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Nets Get G Brooks From Celtics In Draft Day Trade

Marshon Brooks #2 of the Providence Friars runs the offense against the Rhode Island Rams at the Dunkin' Donuts Center on December 4, 2010 in Providence, Rhode Island. (Photo by Chris Chambers/Getty Images)

Marshon Brooks #2 of the Providence Friars runs the offense against the Rhode Island Rams at the Dunkin’ Donuts Center on December 4, 2010 in Providence, Rhode Island. (Photo by Chris Chambers/Getty Images)

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EAST RUTHERFORD, N.J. (AP) — Before the NBA draft began on Thursday, New Jersey Nets general manager Billy King wanted to make sure that his team got better from the perimeter, got better rebounding and got a little tougher.

King feels he accomplished all three.

“It’s what we addressed going in,” King said after the Nets acquired Providence guard Marshon Brooks in a trade with Boston, after the Celtics selected the nation’s No. 2 scorer with the No. 25 pick, then acquired Croatian swingman Bojan Bogdanovic in a cash deal with Minnesota, and drafted Maryland forward Jordan Williams with their second-round pick.

“We needed scoring, rebounding and toughness. If we can get that from these guys, then it was a good draft.”

The Nets selected JaJuan Johnson of Purdue with their first pick, No. 27 overall, then traded the 6-10 Johnson to Boston along with a 2014 second-round pick for the rights for Brooks, who was the leading scorer in the Big East Conference last season.

The 6-5 Brooks, who averaged 24.6 points per game last season, with a career-high of 52 against Notre Dame and 43 vs. Georgetown, is compared by NBA scouts to Josh Howard and Jordan Crawford. The 22-year-old shooting guard gradually increased his scoring average over all four seasons at Providence.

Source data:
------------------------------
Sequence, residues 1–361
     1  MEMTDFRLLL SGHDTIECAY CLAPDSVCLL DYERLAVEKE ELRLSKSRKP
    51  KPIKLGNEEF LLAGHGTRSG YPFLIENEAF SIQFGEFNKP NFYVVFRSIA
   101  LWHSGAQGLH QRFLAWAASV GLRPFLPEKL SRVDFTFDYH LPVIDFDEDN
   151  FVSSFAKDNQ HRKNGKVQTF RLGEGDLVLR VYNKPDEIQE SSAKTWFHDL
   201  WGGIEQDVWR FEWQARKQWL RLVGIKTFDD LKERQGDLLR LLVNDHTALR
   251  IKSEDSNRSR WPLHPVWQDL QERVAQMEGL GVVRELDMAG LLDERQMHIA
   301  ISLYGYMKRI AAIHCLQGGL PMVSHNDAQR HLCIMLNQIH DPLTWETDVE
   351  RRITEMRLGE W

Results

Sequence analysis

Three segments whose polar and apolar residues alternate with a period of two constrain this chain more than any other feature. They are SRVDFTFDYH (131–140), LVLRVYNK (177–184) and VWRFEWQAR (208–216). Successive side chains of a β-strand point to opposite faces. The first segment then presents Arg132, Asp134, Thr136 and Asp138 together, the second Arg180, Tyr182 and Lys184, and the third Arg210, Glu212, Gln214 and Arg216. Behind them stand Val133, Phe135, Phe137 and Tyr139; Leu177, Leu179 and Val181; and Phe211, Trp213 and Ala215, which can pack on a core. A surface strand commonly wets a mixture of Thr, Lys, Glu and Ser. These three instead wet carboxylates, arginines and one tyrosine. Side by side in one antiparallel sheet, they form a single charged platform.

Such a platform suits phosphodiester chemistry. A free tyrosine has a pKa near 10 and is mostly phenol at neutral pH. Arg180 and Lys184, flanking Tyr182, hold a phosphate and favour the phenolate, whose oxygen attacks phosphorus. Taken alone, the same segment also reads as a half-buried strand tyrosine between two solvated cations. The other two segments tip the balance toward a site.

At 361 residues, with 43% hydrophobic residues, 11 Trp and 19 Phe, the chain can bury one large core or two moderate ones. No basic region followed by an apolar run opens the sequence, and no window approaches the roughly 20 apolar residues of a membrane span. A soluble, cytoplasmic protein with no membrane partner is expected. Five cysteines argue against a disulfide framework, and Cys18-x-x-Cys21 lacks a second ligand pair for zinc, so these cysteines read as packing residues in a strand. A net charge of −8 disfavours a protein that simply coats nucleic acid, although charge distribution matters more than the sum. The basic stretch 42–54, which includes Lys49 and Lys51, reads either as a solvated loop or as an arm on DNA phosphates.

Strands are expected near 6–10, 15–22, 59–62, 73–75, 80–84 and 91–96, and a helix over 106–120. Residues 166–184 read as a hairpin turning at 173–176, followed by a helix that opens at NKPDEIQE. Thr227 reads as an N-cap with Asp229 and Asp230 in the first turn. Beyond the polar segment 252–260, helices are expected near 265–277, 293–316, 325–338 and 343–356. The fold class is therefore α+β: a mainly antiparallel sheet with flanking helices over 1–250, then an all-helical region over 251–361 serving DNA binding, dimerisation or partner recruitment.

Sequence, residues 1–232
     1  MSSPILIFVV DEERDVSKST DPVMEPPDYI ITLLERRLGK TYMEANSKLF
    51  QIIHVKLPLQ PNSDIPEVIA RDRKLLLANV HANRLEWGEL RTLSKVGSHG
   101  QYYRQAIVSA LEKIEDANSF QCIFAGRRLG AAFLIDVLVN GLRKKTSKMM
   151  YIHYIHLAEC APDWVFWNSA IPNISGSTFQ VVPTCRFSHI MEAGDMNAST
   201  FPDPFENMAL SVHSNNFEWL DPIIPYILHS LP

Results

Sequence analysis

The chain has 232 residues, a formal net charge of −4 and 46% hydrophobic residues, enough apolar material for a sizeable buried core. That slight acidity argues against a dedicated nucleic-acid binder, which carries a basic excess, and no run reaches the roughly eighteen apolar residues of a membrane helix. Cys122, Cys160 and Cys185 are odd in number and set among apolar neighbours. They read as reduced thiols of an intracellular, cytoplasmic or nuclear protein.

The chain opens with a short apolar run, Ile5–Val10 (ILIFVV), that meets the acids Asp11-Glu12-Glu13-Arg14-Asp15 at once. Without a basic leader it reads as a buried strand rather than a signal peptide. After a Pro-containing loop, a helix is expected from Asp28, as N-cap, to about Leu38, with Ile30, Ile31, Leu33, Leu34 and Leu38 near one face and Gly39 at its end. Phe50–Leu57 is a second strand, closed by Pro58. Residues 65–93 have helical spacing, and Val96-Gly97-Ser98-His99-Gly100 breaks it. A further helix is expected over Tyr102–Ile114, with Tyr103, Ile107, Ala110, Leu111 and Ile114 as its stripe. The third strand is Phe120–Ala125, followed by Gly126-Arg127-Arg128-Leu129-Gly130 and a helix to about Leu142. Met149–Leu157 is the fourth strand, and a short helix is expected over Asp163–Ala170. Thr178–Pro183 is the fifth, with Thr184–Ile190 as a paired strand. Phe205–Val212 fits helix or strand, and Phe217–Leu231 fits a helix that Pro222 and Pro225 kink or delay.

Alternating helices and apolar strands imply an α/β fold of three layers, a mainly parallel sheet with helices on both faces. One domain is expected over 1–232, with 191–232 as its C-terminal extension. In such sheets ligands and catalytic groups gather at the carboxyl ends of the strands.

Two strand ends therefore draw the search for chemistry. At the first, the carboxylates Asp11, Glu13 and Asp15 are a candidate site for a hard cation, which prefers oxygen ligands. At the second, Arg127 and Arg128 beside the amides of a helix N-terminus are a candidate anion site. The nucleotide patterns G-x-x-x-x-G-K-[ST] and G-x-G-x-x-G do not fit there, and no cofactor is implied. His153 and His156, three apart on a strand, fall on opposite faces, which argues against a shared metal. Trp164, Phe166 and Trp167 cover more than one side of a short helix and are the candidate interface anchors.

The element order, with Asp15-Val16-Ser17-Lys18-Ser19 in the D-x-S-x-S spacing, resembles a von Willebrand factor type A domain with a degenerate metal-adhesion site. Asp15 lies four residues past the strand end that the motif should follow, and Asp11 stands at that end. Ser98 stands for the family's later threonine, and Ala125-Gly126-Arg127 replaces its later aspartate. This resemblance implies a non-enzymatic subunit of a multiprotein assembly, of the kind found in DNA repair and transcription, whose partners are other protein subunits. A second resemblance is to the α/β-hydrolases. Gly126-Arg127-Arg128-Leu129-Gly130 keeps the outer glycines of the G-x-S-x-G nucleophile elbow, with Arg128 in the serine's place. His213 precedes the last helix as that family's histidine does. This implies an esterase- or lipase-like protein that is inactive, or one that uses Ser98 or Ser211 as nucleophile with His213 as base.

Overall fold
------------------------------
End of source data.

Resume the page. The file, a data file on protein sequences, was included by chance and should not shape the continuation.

“You like to take four-year players,” King said, “because you can see their progress and they understand what it takes to be a good basketball player.”

Brooks went from a 10.6-points-per-game scorer as a sophomore, to 14.2 as a junior. He then made the huge leap to nearly 25 as a senior. Brooks also grabbed seven rebounds per game, shot 48 percent from the floor, and 34 percent from 3-point range. He scored in double figures in all 32 Providence games last season.

Born in Long Branch, N.J., Brooks moved to Georgia as a youngster.

“I’m very excited to play for the Nets,” Brooks said. “They have very good management and I want to go and help them win as many games as possible. At Providence, I had to do a lot of scoring and in a way, I had to. But if I can get along with the best point guard in the NBA in Deron Williams, I can get a lot of open shots.”

Brooks was projected by some draft experts to go as high as No. 14, so the Nets moved quick to acquire a shooting guard to possibly compliment Deron Williams, their All-Star point guard who was shipped to New Jersey by Utah earlier this year.

“We had Marshon ranked very high and we didn’t think he’d be there when we were supposed to pick,” King said. “We made a call to Boston to see if they would flip-flop. It worked out well. Marshon is a proven scorer and is a player who knows how to put the ball in the hole.”

Brooks was slated to work out with the Nets June 9, but missed the workout due to an ankle injury.

After acquiring Brooks, the Nets then snared Bojan Bogdanovic, a 6-7 shooting guard from Croatia. He was the first pick of the second round, the No. 31 overall selection, who was drafted by Miami, then shipped to Minnesota and finally to New Jersey for cash.

The 22-year-old Bogdanovic averaged 18 points per game last season for Fenerbache Istanbul of the Turkish professional league and is still currently under contract with the team, so his immediate availability to the Nets is in question. He might not be eligible for NBA play until 2012-2013.

Ironically, Bogdanovic worked out for the Nets earlier Thursday and had a workout with the squad three weeks ago.

The Nets then completed their draft work by taking 6-10 forward Jordan Williams of Maryland with their own pick, No. 36 overall.

Jordan Williams, who left school early anticipating that he would be a first-round selection, averaged 16.8 points and 11.8 rebounds per game last season as a sophomore for the Terrapins. He shot 53 percent from the floor, but only connected on 57 percent from the free throw line.

“We needed to get a pure rebounder,” King said. “Once we got Marshon, we had to improve our rebounding and Williams helps.”

Over his career as a general manager, King has now been involved in 10 different draft-day trades.

(Copyright 2011 by The Associated Press. All Rights Reserved.)